“Yeah, sure,” Liam chose to just go with it.

“Go!” Hank exclaimed as they popped from cover. In the closest thing to immediacy, Hank unleashed a steady barrage of automatic gunfire from his 416. His aim was be close to the targets, but didn't use enough precision to guarantee a hit. His goal was only to force his enemies into cover so Liam would have a better shot at scoring a kill. When he heard Liam's XD-45 discharge twice, Hank snapped back into cover. His son was fast behind him. “Did you get 'em?”

“Yeah, I did,” Liam replied. “Headshot. Square.” His slide was locked, meaning he was out of bullets. He reached inside his jacket and then said, “Dad, I'm out of ammo.”

“Here, take mine,” Hank drew his two-tone P99 and handed it to his son.

Liam took it and checked the load. Good. Suddenly, the gunfire stopped. “The hell?” Liam thought aloud as he peeked out of cover. “They're down!”

“What?” Hank took a look. He was right. Both of the enemy combatants were dead. They had been stopped by a few bold members of Lisbon's army who managed to get behind them. Hank stood and glanced around. It was all clear. “What just happened?”

“I was just helping Dr. Fujikawa make sure everything was set, when I caught some chucklehead planting C4 on the line junction. I opened fire, but he ran over there into the alleyway. Next thing I know, there's a full-on gun battle going on. Two more of them show up and pin us down, but we had numbers on our side. It was too easy.”

“So, this is about the line.”

“No other reason to attack anything in Lisbon.”

Capitao Mitchell!” One the Portuguese called. “Vem aqui!” He exclaimed, meaning 'come here.'

Hank and Liam exchanged glances. They followed the voice to a group of local troops standing over one of the bodies, who was dressed in all-black, high-grade military gear. His face was covered by balaclava and a tactical helmet. “This gear is Steelewood-issue,” Hank said.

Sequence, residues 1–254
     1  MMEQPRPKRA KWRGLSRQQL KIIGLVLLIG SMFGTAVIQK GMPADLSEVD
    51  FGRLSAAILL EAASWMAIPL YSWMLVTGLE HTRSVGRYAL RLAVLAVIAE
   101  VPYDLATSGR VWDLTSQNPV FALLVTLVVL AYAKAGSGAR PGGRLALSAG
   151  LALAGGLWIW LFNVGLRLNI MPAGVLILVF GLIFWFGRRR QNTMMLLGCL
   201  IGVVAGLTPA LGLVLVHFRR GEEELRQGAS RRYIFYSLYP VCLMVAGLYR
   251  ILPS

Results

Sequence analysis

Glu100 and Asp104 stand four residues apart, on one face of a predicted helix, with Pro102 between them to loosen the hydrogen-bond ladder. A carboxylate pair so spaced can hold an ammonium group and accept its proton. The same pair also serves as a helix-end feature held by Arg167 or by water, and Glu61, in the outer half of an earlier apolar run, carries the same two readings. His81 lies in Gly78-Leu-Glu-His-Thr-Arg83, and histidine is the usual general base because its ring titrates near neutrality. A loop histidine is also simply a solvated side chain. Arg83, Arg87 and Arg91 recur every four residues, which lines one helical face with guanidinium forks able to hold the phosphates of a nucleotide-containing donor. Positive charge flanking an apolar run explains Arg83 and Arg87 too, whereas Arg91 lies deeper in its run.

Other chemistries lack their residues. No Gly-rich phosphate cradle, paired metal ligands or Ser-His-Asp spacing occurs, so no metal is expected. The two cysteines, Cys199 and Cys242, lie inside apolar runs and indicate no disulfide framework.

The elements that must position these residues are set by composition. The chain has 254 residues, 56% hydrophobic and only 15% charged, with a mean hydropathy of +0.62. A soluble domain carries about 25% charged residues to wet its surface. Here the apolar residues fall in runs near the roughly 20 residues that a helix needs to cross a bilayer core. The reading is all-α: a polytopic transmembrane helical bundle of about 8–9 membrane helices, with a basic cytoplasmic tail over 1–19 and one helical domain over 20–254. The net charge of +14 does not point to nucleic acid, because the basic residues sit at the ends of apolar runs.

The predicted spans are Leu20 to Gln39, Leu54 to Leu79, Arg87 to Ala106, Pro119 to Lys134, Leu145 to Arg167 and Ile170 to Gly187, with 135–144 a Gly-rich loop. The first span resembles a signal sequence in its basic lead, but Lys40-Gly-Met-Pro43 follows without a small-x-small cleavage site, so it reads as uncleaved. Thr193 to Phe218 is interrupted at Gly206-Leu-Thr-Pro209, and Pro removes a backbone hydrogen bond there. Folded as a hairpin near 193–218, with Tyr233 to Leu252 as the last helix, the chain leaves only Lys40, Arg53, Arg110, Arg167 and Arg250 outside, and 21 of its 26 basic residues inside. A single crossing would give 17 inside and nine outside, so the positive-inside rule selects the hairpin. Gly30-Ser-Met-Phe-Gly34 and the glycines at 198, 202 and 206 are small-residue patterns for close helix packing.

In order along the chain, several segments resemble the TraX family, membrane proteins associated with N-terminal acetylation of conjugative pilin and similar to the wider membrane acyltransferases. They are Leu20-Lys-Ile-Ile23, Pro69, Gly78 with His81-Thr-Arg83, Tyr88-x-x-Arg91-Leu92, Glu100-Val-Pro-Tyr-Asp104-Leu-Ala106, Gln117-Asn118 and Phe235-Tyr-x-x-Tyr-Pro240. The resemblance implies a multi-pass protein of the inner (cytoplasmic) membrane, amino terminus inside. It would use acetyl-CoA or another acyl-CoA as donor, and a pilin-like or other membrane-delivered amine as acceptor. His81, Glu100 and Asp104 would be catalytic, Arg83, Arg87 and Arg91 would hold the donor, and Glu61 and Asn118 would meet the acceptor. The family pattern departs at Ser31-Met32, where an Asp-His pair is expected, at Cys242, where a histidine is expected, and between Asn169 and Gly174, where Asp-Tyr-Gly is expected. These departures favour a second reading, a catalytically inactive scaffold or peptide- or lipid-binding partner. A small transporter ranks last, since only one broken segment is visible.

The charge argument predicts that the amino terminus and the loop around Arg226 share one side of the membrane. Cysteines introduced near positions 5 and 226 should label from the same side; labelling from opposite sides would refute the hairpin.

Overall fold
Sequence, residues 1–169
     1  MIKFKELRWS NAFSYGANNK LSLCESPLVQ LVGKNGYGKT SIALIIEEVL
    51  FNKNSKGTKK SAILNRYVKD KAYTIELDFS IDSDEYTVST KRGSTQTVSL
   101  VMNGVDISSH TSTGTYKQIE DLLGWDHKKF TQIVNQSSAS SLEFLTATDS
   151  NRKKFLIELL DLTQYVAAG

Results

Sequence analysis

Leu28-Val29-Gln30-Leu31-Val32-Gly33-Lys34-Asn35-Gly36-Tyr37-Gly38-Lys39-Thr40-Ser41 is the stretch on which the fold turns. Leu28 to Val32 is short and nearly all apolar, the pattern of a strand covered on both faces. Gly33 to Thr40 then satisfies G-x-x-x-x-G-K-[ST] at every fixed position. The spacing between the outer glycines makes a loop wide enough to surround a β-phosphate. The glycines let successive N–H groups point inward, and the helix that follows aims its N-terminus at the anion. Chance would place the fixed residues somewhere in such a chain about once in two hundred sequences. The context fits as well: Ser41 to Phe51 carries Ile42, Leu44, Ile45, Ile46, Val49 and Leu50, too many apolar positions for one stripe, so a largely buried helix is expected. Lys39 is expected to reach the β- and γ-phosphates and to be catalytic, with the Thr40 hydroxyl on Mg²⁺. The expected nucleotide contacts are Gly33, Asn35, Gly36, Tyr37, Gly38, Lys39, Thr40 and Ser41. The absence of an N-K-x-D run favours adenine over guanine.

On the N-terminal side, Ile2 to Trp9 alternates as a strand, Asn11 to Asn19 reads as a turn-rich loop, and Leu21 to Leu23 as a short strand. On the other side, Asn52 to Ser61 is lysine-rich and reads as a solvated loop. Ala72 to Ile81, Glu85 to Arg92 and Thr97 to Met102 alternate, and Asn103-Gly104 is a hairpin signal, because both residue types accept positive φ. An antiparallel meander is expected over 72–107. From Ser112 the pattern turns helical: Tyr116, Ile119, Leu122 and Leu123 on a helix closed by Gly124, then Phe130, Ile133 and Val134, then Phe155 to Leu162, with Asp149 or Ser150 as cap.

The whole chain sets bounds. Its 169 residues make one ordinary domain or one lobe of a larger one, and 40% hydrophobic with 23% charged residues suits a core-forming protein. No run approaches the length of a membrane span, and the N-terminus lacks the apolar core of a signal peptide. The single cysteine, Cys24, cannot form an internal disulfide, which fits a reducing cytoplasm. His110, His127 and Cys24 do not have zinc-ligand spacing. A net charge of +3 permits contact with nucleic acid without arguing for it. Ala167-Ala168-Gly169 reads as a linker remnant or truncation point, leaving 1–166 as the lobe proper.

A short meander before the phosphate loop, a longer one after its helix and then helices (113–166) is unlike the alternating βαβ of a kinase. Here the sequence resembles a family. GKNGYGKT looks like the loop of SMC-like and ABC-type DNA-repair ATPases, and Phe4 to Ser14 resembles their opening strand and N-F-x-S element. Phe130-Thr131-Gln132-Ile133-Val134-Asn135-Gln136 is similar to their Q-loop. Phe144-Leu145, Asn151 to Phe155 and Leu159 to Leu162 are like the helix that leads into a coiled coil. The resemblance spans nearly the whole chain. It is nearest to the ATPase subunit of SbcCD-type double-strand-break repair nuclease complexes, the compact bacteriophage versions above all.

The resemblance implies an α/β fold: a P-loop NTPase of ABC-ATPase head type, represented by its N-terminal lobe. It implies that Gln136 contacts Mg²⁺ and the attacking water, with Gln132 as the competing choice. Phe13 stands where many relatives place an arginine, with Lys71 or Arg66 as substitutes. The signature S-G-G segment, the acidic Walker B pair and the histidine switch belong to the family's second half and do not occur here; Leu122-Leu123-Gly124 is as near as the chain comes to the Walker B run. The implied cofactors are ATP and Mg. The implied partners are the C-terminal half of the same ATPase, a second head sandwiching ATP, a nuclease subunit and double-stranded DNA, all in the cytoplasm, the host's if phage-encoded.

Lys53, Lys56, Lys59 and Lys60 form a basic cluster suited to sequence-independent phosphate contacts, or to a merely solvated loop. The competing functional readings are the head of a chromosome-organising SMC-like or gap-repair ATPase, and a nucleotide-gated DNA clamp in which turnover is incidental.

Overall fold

“Steelewood? What are they doing here?” Liam crossed his arms.

Hank pulled off the man's helmet and face-covering and then his eyes widened, “This man's name is John Snapp.”

“You know him?”

“Not personally,” Hank sighed as he got off his knees. “He's one of Steelewood's most elite operatives. The best of the best.”

“They meant business, then.”

“Isadora warned me about this guy a few years back,” Hank said, referring to their old friend and the chief executive officer of Steelewood Industries. Hank and Lena met Isadora when the outbreak began and she helped them in stopping those responsible. He walked over to the other two bodies, removed their masks and told his son, “That man there is Hans Steppman, and that's Lionel MacTavish. Isadora warned me about all three of these guys. Mean bastards.”

“Why would Steelewood's top operatives attack us?” Liam wondered. “And why now? They could have waited until we were gone and there'd have been half the security. Did they get impatient?”

“Not likely,” Hank spat on the ground. “There's something else at work here.”

“Like what?”

“Liam, it's dadgum Steelewood. They're always up to something.”

“Yeah, you're right. Just wish they could do their shadowy stuff someplace else.”

Hank clenched his fist, “Just- just what in the hell is Isadora doing?!”

“Maybe they've gone rogue.”

“Not likely. You don't know that- that British dagger like I do,” Hank slammed his fist into the wall. It hurt, but it felt good. He grit his teeth as it came to him, “Wait a second. Snapp, Steppman, MacTavish, and Green. There's one missing.”

“Hey, dad?”


“Where's Emma?”